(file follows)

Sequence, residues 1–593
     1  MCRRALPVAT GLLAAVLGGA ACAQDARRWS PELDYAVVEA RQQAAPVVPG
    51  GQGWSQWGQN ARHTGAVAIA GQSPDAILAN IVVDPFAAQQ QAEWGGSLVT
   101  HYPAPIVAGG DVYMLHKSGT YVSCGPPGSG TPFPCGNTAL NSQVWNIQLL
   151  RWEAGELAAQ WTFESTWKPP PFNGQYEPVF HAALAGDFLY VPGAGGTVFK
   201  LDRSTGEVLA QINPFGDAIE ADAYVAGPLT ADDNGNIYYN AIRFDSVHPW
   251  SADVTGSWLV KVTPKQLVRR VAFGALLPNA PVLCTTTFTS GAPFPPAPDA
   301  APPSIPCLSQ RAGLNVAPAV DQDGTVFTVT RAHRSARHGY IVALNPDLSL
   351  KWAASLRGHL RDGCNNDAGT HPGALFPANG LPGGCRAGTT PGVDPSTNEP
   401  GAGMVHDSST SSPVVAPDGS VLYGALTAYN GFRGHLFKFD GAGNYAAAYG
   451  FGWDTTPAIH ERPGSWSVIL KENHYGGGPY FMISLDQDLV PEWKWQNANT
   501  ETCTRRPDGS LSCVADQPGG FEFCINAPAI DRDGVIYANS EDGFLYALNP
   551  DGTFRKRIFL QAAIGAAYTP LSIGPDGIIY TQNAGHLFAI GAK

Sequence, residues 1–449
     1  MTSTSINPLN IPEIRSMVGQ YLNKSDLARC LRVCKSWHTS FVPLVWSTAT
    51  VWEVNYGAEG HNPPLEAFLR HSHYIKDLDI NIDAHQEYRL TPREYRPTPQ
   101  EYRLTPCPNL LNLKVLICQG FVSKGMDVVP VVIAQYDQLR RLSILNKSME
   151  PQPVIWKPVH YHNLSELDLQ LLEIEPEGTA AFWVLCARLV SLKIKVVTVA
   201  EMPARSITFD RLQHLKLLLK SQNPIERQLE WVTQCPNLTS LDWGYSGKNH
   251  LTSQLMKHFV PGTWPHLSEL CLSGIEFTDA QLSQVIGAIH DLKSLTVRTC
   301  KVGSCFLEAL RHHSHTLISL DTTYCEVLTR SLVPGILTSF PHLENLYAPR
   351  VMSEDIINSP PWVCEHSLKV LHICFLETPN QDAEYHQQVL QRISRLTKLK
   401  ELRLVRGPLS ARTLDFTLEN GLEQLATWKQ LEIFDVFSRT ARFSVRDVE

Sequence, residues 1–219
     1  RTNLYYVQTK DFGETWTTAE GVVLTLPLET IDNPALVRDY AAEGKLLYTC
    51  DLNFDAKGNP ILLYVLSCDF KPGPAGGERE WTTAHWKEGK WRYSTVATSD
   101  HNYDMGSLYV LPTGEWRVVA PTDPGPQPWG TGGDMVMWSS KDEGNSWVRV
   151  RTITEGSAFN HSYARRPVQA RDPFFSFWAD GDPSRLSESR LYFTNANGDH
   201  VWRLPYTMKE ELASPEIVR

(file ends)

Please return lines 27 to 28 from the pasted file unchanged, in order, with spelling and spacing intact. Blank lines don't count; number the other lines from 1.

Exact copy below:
   101  HNYDMGSLYV LPTGEWRVVA PTDPGPQPWG TGGDMVMWSS KDEGNSWVRV
   151  RTITEGSAFN HSYARRPVQA RDPFFSFWAD GDPSRLSESR LYFTNANGDH